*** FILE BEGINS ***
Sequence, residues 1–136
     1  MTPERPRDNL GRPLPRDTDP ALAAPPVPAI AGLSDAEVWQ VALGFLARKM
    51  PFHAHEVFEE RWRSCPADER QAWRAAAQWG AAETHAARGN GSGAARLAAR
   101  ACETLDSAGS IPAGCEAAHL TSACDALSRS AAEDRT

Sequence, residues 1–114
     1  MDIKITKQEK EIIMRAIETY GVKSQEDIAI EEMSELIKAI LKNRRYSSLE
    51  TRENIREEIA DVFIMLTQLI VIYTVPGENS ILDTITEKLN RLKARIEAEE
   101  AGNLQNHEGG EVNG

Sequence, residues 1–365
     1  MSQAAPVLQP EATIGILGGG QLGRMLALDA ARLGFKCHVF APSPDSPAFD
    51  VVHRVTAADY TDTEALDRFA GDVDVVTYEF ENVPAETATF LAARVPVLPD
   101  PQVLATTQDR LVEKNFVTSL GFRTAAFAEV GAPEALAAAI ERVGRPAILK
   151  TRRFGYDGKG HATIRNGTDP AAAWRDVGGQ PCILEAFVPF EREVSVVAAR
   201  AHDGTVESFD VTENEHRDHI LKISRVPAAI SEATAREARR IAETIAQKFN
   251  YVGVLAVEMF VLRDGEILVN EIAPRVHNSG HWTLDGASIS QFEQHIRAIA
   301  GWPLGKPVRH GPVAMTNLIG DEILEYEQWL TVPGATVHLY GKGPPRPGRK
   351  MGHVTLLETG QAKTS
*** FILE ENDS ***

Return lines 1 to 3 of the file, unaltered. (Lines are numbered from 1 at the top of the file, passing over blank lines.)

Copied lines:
Sequence, residues 1–136
     1  MTPERPRDNL GRPLPRDTDP ALAAPPVPAI AGLSDAEVWQ VALGFLARKM
    51  PFHAHEVFEE RWRSCPADER QAWRAAAQWG AAETHAARGN GSGAARLAAR